Court of Appeals of Ohio, Eighth District, Cuyahoga
Appeal from the Cuyahoga County Court of Common Pleas Case
ATTORNEYS FOR APPELLANT Mark Stanton Cuyahoga County Public
Defender BY: Cullen Sweeney Assistant Public Defender.
ATTORNEYS FOR APPELLEE Michael C. O'Malley Cuyahoga
County Prosecutor BY: Andrea N. Isabella Assistant
BEFORE: E.T. Gallagher, J., McCormack, P.J., and S.
JOURNAL ENTRY AND OPINION
T. GALLAGHER, J.
Defendant-appellant, Carlton Junior Shaw, appeals his
convictions and raises the following four assignments of
1. Carlton Shaw's conviction for tampering with evidence
is not supported by legally sufficient evidence as required
by state and federal due process.
2. The verdict form on Count 3 (discharge of a firearm on or
near a prohibited premises) only supports a conviction for a
misdemeanor of the fourth degree because the verdict form did
not state the degree of the offense or include the
aggravating element, as required by R.C. 2945.75.
3. The trial court erred in failing to instruct the jury on
the lesser charge (misdemeanor version) of discharging a
firearm on or near a prohibited premises.
4. Carlton Shaw was denied his right to the effective
assistance of counsel in violation of the Sixth and
Fourteenth Amendments to the United States Constitution and
Article I, Section 10 of the Ohio Constitution when his
attorney failed to ensure that the jury received all the
We find some merit to the appeal, affirm Shaw's tampering
with evidence conviction and modify Shaw's discharging a
firearm on or near a prohibited premises by reducing it from
a third-degree felony to a first-degree misdemeanor.
Facts and Procedural History
Shaw was charged with two counts of felonious assault, one
count of tampering with evidence, and one count of
discharging a firearm on or near a prohibited premises. One
of the victims, Lavonte Hinchen, testified at trial that he
has two children with Whitley Harris, who was living with
Shaw at the time of the events giving rise to this case.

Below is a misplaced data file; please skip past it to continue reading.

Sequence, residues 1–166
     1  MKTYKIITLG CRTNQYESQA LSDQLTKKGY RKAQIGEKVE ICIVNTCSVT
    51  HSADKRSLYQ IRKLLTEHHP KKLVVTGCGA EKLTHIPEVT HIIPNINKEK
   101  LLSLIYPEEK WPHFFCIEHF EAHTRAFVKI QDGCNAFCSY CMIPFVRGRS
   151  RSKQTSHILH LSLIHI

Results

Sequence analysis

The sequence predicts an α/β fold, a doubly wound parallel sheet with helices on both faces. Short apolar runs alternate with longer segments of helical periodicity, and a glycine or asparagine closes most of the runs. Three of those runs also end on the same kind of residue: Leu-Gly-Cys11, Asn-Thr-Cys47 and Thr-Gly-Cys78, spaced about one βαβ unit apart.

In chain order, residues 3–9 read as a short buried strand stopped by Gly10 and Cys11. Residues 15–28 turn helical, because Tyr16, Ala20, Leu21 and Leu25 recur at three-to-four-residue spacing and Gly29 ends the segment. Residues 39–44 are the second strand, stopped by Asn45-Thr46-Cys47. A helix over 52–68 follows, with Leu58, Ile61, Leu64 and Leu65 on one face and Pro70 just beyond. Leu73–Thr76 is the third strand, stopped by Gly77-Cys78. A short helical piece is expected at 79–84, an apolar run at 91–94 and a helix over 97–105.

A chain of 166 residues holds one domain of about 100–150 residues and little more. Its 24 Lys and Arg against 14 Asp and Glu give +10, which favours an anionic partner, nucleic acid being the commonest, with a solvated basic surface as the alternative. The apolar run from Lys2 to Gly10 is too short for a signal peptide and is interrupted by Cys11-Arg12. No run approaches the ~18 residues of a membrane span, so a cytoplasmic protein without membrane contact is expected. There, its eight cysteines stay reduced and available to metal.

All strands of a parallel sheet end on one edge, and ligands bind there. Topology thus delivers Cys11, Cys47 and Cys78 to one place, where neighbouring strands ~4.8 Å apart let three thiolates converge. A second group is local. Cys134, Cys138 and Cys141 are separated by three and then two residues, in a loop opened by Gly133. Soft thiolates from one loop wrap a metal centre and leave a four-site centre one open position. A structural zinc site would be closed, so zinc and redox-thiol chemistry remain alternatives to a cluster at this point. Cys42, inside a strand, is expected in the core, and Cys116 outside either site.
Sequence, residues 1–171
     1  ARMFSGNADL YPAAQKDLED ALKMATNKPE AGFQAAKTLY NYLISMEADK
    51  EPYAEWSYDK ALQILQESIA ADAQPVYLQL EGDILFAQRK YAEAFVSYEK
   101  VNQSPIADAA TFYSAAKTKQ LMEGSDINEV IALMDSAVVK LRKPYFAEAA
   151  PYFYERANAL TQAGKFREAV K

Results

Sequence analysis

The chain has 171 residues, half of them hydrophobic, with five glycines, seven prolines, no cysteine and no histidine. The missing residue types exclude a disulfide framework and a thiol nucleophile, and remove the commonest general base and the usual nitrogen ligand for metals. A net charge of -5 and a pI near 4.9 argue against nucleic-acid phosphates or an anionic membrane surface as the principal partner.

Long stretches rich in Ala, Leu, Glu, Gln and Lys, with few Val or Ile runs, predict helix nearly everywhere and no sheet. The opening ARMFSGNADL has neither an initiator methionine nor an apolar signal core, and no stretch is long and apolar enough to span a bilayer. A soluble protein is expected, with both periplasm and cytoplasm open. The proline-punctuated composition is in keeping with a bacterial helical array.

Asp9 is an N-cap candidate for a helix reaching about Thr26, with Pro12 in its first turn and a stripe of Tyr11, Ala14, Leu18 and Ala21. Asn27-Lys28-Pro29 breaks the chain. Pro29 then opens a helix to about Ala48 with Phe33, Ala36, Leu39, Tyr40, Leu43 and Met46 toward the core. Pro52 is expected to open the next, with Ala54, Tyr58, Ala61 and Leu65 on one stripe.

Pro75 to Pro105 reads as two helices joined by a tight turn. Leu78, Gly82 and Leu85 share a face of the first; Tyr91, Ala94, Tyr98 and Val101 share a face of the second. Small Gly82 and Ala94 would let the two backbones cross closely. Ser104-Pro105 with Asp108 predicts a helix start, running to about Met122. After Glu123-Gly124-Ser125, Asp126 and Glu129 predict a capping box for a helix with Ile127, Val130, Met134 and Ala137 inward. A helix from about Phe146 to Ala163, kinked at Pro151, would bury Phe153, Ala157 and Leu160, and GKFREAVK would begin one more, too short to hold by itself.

Hinchen testified that although he shared joint custody of
the children with Harris, Harris often refused to relinquish
custody of the children to Hinchen for visitation in
accordance with a joint custody order. Over time, the
animosity between them had become hostile.
Hinchen testified that he often tried to call Harris to
schedule visitation, but she never answered his calls.
According to Harris, Hinchen became increasingly aggressive
to the point that she sought and obtained a temporary
restraining order to prevent Hinchen from coming to her
house. Hinchen, who alleges he was unaware of the temporary
restraining order, asked his brother, Anthony Lee, to
accompany him to pick up his children from Harris's home
on December 20, 2015.
Lee drove separately and met Hinchen at Harris's
apartment, which was located inside a multifamily house.
Hinchen knocked on the door, and Harris refused to allow him
to take the children, claiming she had a protective order
that prevented him from coming to her home. Lee suggested to
Hinchen that he go to the police department and ask for
assistance in enforcing the child custody order. Hinchen
agreed and set off to the police station.
Meanwhile, Harris exited the building and began speaking with
Lee, with whom she had a better relationship. While they were
talking, Shaw appeared "out of nowhere, " stuck a
gun in his face, and threatened "I'm about to body
you." (Tr. 331.) Lee testified that Shaw was
"highly agitated" and was "swaying side to
side" with his finger on the gun's trigger. Harris
told Shaw, "He is a man of God. He is a minister. * * *